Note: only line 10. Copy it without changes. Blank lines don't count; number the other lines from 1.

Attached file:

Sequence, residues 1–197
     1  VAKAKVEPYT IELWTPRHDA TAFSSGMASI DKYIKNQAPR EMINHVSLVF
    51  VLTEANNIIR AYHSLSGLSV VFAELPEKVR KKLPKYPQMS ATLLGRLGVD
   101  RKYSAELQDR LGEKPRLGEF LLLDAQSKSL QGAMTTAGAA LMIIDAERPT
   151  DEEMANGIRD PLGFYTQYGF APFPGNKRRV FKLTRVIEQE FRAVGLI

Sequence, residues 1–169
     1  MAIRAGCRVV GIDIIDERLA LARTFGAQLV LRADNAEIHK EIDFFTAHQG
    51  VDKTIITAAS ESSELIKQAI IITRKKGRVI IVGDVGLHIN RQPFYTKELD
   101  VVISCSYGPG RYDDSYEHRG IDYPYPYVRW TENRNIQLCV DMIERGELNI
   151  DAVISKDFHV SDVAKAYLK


   151  DAVISKDFHV SDVAKAYLK